While Franco’s dictatorship is now history, football still has strong political influences as Spain’s relatively young democracy (or rather constitutional monarchy) continues to evolve. Athletic Bilbao continues to practice a strong devotion to political separatism by only employing Basque players. While the all-Basque roster has seen a few exceptions to the rule - now players of any origin can play for Athletic, just as long as they acquired their skills in the Basque Country (an exception very much enjoyed by Athletic’s 16-year-old phenom Jonas Ramalho, Los Leones’ first black player) - one can imagine the sort of tension that invariably surrounded a match in the 1990's during the height of the Basque political militant group, ETA.
To this day, in matches at the San Mames, a few hundred hard-core fans called the “Herri Norte” (Euskara for “People of the North”) hold up ETA banners and sing, “Let’s kill a Spaniard” to the tune of ‘When the Saints Go Marching In’; the song is sung in Spanish so to drive the message home. It bears mentioning though that all teams have their minority of hardliners with Real Madrid's right-wing Ultra Sur group infamous for their racial abuse of players.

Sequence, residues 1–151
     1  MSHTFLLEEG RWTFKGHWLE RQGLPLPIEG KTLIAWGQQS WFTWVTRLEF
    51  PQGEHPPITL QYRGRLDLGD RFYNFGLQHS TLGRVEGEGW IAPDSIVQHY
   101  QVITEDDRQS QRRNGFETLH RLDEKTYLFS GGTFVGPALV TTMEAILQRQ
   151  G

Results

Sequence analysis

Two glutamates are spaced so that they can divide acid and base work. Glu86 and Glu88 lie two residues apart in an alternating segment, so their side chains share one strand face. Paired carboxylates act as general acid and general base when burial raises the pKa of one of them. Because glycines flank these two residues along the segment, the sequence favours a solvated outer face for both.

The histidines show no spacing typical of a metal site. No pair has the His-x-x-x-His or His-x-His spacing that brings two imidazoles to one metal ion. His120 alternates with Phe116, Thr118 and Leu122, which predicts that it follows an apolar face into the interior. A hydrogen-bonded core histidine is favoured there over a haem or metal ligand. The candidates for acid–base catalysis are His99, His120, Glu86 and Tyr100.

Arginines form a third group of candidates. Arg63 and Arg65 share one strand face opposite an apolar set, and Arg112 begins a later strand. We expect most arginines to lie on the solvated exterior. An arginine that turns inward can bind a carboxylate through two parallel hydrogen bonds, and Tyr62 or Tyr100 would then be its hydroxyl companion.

In terms of football however, there is something to be said for Athletic Bilbao’s impressive feat of having remained contentious in La Liga for so long despite such a limited talent pool from which to fish.
Athletic continue to showcase their homegrown talent
In Catalunya, issues of regional autonomy from the central government have recently arisen with even more ardour than usual as both Barca coach Pep Guardiola and club president Joan Laporta have recently incited rifts by weighing in on the matter, the coach controversially describing Catalunya as “its own country with its own language” and Laporta declaring that “Without its own state, Catalunya is dead”.